One day we might learn that knowledge of earth materials and their history may actually save us a lot of money, resources and worry. We should never assume that such materials are consistent, sound, unaltered or not significant. To live sensibly with the earth we cannot command and expect to win – rather we must ask, how can we do this, will it be secure, or should we simply leave that land undeveloped Parkland, farmland or orchard?
— David Leaman, Walk into History

Cable car Supporters posted this map to suggest that landslip zones are so widespread they must be exaggerated. Newsflash: The earth is not flat.

The brown landslip ring mapped opposite becomes clear when pictured in 3D. Steep slopes magnify landslip risk.

The brown landslip ring mapped opposite becomes clear when pictured in 3D. Steep slopes magnify landslip risk.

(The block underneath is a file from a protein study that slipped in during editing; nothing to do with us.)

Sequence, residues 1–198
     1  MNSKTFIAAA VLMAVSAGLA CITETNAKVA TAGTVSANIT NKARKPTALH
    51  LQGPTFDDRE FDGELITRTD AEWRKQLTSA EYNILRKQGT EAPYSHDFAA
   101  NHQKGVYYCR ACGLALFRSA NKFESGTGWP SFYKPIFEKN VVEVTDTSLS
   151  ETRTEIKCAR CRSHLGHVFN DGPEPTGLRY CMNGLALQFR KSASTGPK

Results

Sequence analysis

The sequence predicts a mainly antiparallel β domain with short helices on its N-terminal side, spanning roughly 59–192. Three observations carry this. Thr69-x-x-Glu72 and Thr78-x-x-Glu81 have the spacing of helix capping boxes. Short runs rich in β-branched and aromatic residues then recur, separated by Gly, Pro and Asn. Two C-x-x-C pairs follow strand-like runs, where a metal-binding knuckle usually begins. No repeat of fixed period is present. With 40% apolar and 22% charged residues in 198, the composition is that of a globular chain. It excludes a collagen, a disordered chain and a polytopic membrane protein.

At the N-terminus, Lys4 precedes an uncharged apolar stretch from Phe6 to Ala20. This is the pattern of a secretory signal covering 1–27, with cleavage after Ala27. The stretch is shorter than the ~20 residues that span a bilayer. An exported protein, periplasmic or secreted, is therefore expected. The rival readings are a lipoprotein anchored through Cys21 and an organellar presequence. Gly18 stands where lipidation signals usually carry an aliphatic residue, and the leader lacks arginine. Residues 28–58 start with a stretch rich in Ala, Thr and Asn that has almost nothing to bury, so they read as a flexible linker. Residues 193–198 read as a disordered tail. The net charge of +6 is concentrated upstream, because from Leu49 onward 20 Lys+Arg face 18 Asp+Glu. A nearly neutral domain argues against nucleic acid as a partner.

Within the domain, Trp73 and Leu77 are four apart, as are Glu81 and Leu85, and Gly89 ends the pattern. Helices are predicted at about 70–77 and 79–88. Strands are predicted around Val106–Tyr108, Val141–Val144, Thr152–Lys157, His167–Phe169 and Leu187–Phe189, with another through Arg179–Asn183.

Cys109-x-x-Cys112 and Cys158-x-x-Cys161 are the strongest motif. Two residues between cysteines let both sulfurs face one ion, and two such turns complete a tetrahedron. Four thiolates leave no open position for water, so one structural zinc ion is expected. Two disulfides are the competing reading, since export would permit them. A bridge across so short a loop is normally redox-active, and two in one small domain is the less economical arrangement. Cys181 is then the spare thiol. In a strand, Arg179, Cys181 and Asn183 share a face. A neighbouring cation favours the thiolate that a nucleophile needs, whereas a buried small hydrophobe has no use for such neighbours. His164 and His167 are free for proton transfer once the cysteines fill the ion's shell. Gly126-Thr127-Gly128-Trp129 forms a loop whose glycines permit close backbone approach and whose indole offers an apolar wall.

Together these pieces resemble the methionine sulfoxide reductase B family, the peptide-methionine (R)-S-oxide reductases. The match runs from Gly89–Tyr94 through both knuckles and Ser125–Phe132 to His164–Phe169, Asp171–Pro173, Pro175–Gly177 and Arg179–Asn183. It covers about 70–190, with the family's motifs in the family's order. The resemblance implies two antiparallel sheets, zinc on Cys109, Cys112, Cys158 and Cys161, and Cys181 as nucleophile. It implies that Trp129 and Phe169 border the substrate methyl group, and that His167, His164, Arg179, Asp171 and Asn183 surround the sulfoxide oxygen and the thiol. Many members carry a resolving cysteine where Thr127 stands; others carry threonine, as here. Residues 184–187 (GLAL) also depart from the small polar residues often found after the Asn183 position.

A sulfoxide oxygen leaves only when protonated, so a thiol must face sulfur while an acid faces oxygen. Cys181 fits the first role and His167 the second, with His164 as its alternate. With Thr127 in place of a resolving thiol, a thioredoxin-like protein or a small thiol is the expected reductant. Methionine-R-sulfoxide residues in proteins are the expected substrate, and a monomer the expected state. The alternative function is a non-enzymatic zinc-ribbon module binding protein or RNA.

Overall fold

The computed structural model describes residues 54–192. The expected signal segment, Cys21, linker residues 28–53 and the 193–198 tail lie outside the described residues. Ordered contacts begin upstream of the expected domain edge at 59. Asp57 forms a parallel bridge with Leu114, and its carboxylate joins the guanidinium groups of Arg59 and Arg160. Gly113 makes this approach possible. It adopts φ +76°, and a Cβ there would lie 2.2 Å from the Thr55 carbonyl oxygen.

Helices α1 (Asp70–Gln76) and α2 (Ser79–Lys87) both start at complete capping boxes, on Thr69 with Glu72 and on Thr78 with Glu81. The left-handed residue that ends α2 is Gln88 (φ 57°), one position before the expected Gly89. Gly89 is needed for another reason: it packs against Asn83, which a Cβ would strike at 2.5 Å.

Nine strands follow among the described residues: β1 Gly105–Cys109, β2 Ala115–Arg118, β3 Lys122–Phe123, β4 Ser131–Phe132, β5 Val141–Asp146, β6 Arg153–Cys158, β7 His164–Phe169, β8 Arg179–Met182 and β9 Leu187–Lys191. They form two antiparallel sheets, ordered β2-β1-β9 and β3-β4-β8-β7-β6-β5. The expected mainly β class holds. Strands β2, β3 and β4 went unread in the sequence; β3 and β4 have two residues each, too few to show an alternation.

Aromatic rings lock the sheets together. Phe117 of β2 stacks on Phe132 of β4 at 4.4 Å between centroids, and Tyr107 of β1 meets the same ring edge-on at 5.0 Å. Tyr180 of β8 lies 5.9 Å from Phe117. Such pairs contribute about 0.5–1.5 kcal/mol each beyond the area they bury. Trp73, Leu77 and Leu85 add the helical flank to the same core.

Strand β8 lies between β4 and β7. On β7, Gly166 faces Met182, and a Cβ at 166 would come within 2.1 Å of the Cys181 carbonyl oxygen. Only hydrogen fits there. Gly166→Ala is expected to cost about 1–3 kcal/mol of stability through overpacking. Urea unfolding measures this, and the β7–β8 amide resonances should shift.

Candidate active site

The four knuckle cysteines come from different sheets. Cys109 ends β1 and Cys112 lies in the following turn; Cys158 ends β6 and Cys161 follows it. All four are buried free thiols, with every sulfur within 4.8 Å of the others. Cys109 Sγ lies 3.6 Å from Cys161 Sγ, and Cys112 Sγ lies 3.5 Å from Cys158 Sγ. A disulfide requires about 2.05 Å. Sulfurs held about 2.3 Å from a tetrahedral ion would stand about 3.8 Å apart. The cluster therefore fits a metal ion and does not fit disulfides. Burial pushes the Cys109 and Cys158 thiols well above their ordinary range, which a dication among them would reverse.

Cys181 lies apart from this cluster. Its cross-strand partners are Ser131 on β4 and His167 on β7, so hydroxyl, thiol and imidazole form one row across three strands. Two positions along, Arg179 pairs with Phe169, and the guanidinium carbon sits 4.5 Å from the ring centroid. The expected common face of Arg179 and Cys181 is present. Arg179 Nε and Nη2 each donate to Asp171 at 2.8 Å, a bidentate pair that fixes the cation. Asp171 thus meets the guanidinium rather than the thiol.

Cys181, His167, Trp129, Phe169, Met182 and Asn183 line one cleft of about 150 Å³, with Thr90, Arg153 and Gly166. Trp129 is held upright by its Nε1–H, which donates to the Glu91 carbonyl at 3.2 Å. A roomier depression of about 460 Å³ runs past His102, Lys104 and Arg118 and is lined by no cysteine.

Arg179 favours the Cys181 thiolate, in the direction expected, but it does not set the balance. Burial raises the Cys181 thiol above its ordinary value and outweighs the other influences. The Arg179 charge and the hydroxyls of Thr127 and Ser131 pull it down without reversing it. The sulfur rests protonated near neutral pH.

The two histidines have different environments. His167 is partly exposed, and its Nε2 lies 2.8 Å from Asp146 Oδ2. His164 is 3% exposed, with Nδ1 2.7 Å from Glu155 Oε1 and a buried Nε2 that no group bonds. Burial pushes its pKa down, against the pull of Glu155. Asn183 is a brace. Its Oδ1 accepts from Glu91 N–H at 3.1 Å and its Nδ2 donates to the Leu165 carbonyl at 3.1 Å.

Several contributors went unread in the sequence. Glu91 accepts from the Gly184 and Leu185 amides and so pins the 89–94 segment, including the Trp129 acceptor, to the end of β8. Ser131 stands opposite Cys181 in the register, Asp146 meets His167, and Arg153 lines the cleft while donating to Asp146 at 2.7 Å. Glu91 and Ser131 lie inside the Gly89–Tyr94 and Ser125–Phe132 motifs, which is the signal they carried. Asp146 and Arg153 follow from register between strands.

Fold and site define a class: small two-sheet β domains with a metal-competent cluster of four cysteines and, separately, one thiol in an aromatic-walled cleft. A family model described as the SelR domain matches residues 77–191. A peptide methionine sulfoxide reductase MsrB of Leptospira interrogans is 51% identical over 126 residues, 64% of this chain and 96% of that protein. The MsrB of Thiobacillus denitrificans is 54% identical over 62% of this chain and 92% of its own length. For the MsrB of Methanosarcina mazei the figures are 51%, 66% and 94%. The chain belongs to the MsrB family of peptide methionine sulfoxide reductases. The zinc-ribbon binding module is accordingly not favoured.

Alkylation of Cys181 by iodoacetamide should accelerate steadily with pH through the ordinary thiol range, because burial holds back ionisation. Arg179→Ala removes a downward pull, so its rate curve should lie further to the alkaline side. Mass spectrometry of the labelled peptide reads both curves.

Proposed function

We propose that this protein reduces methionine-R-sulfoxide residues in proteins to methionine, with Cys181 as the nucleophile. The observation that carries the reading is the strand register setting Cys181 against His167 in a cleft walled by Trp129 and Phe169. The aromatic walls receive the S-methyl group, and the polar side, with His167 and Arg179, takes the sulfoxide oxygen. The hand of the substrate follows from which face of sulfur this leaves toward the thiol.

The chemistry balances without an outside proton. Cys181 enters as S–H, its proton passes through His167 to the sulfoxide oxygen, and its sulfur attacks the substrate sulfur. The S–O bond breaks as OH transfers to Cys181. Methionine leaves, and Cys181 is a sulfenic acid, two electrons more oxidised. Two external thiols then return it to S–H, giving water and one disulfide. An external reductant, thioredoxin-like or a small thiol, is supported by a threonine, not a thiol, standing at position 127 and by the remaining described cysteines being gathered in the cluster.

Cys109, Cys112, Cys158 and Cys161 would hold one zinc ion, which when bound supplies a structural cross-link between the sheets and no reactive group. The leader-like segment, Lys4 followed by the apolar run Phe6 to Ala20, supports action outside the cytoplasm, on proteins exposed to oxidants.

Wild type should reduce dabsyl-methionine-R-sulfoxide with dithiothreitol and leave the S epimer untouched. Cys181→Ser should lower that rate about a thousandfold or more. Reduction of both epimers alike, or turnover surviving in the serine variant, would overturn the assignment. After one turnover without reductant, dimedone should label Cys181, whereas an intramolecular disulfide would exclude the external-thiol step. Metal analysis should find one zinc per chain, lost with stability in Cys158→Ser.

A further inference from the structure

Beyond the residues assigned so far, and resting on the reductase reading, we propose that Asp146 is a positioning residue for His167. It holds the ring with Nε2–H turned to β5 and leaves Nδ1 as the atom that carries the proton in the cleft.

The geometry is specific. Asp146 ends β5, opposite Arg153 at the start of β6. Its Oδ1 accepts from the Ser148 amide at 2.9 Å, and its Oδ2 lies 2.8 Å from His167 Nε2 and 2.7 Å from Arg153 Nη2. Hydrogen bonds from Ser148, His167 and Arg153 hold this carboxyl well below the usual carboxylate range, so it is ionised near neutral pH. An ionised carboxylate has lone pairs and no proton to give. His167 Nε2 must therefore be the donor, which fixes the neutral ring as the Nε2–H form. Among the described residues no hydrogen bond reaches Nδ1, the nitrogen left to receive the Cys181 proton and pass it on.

Contrary to Supporters’ flat earth hopes, the landslide mapping is not “bitsa”. Developers, investors and planners need certainty. Mineral Resources Tasmania has mapped the state landslide susceptibility down to 5-meter polygon accuracy, and established four “Hazard Bands”. 1. The Acceptable Band land is where “a landslide may occur in some exceptional circumstances but is such a rare event, development and use is not subject to control.” 2. The Low Band land has no known landslides, but is identified as susceptible: development controls may be necessary. 3. The Medium Band has known landslide features, consequently: “Where there is no compelling reason for development, the land should be zoned for open space, rural, or environmental purposes. Any hazardous or vulnerable use will only be allowed in exceptional circumstances.” 4. The High Band is ground where buildings have failed or ground movement is dramatic, here: “development requires significant investigation and engineered solutions to enable the development to maintain a tolerable level of risk.”